Scholars, immigration judges, attorneys, and congressional committees have been calling for a truly independent immigration adjudication system for decades, critiquing a system in which some judges describe themselves as “U.S. imitation judges.” This Article examines the lack of truly independent immigration judges (IJs) through the lens of the Fourth Amendment, which applies when a noncitizen is arrested for deportation. In 1975, the Supreme Court held in Gerstein v. Pugh that to continue detention after an initial arrest in the criminal context, the detached judgment of a neutral judge is necessary; a prosecutor’s finding of probable cause is insufficient to protect the important Fourth Amendment rights to be free from an unreasonable seizure. In contrast, in the immigration detention context, no such neutral judge has any role in the process. Every person who authorizes a noncitizen’s arrest and detention works for a law enforcement agency.
This Article builds off of prior scholarship examining the Fourth Amendment’s application in the immigration context, introducing a further problem: immigration adjudicators’ lack of independence. In this Article, I propose that federal magistrate judges make such a probable cause finding in order to continue pretrial detention for deportation. This proposal resolves the Fourth Amendment violations that occur when the only supposedly “neutral” judge who authorizes the jailing of a human being is regularly critiqued as not so “neutral.” While others have effectively argued that the entire immigration adjudication system needs a judge who is untethered from a law enforcement agency, in this Article, I focus only on the initial decision to continue pretrial detention, as this is where, in the criminal pre-trial context, the Fourth Amendment’s probable cause hearing requirement attaches.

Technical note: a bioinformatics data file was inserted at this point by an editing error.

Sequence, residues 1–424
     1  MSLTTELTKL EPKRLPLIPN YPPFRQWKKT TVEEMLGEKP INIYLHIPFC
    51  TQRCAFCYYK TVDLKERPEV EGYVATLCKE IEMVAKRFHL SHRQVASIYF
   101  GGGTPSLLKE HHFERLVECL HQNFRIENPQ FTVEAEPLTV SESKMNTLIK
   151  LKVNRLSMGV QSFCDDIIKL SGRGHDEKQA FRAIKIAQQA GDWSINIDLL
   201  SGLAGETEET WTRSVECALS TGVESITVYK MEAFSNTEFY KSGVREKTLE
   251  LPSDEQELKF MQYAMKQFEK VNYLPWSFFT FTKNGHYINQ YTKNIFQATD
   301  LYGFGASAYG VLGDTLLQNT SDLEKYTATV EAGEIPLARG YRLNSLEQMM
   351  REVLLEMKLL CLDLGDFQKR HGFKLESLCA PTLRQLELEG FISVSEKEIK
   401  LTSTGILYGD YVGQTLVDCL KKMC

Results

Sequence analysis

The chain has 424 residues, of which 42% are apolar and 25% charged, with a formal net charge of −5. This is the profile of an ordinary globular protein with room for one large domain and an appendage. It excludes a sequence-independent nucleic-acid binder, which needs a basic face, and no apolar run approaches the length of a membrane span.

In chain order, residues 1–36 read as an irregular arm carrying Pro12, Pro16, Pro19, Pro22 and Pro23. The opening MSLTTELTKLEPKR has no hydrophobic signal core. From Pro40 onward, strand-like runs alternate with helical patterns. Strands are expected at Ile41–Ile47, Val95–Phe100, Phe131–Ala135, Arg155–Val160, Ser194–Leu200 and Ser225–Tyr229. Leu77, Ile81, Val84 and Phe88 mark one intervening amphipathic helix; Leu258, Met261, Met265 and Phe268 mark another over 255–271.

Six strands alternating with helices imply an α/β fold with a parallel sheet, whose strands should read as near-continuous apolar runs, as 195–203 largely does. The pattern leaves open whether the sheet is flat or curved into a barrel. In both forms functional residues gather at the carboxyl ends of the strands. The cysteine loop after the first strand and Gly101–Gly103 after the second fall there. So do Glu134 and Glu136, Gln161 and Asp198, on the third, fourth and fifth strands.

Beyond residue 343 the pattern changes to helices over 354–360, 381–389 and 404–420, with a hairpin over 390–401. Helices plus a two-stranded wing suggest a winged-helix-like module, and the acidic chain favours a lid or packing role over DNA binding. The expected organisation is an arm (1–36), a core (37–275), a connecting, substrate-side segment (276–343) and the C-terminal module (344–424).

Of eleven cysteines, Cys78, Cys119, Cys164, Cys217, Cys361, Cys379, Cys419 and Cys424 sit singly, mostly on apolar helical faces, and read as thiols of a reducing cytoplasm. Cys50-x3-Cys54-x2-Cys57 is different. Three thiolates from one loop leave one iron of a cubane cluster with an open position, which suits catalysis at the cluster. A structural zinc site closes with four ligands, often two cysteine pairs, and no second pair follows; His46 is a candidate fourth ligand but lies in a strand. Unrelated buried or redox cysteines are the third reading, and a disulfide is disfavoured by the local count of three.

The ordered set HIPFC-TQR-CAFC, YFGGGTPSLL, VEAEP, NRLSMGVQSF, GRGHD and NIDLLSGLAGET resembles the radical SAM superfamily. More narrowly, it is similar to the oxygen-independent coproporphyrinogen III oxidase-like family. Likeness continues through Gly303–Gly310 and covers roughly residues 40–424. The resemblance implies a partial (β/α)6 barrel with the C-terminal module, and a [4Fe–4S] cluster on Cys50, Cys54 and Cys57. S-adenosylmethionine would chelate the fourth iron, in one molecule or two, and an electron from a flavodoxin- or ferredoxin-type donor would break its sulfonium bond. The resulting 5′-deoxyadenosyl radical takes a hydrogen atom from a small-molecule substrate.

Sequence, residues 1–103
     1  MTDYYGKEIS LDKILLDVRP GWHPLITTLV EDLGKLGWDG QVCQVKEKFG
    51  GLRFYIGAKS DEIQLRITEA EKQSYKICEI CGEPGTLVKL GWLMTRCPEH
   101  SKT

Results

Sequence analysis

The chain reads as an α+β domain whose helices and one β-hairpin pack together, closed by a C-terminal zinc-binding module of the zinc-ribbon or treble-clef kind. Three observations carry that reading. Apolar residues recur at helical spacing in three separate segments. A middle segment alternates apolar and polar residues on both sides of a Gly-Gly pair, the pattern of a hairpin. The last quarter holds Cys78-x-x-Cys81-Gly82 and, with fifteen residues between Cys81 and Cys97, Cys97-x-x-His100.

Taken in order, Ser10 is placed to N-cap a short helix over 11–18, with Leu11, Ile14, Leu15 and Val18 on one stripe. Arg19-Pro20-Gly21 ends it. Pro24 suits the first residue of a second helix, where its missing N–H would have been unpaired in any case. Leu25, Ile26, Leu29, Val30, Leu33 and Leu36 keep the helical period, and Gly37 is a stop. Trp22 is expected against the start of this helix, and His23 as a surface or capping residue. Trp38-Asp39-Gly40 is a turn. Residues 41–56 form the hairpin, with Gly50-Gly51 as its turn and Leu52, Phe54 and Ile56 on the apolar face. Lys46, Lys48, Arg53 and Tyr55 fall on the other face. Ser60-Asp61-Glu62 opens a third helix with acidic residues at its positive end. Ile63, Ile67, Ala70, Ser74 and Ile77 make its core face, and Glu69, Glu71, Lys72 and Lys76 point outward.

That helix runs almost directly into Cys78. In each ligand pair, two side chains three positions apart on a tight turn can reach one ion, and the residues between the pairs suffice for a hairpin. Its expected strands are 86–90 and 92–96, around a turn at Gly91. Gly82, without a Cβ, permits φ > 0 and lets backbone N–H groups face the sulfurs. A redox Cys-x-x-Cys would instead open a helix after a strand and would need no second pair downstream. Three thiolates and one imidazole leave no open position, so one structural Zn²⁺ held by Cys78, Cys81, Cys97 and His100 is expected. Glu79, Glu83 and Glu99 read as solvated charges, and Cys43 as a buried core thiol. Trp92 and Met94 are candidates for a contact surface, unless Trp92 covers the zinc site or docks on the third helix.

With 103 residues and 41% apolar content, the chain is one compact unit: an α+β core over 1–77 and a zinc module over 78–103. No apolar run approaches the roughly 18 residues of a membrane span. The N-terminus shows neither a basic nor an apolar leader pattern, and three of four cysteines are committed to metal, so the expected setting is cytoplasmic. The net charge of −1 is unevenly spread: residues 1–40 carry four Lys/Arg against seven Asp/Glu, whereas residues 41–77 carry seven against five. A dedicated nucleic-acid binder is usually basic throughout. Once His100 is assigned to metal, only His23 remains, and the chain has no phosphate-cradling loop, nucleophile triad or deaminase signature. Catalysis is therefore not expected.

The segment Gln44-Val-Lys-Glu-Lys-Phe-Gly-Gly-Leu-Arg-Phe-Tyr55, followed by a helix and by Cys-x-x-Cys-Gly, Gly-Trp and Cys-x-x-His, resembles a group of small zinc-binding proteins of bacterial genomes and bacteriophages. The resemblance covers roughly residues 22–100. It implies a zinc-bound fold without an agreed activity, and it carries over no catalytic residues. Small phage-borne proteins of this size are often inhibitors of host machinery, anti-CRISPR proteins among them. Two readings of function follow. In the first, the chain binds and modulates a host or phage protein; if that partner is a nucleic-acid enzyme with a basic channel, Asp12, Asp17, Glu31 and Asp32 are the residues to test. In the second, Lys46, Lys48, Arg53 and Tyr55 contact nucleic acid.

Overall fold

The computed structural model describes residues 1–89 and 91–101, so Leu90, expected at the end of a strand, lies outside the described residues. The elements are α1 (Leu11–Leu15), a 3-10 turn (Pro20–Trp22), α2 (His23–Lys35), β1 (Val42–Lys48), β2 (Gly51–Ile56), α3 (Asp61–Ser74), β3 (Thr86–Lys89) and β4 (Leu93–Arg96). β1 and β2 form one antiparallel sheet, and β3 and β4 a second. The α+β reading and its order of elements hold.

Mary P. Holper. "The Fourth Amendment Implications of "U.S. Imitation Judges"." Minnesota Law Review 104, no.3 (2020).